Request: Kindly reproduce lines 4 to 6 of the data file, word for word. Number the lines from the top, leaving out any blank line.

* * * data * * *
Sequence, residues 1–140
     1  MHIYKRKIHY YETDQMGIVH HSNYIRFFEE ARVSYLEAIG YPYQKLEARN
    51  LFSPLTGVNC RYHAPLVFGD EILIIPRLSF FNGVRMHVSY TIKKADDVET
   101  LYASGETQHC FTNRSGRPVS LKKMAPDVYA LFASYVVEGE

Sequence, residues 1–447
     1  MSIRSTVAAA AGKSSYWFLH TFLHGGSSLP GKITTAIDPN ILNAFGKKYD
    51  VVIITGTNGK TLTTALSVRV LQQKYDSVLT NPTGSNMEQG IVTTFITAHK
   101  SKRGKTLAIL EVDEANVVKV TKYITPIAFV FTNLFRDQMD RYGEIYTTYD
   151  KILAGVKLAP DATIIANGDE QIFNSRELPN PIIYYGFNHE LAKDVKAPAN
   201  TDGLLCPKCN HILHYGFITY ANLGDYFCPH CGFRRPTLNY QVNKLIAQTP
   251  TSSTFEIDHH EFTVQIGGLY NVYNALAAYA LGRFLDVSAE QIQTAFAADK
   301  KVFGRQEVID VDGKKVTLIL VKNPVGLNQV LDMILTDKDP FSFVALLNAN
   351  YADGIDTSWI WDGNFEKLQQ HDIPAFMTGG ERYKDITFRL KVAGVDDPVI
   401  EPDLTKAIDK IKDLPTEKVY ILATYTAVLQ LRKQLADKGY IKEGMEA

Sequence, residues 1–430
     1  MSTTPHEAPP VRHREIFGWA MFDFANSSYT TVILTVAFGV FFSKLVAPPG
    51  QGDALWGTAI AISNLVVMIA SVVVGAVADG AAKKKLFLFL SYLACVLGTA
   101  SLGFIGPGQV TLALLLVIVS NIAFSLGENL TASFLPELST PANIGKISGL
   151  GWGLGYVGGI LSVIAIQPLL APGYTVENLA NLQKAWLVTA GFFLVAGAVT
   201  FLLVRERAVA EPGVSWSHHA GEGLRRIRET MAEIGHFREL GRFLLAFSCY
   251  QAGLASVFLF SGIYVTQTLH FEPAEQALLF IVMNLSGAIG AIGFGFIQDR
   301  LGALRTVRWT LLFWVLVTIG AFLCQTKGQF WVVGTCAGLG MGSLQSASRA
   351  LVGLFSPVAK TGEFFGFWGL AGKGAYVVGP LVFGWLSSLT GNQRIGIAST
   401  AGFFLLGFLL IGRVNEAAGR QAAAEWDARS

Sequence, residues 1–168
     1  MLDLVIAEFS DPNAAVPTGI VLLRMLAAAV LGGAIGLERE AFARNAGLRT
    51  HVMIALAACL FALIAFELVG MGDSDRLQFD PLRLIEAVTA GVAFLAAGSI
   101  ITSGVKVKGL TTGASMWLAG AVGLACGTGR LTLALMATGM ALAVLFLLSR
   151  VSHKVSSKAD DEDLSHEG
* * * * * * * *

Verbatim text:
   101  LYASGETQHC FTNRSGRPVS LKKMAPDVYA LFASYVVEGE

Sequence, residues 1–447
     1  MSIRSTVAAA AGKSSYWFLH TFLHGGSSLP GKITTAIDPN ILNAFGKKYD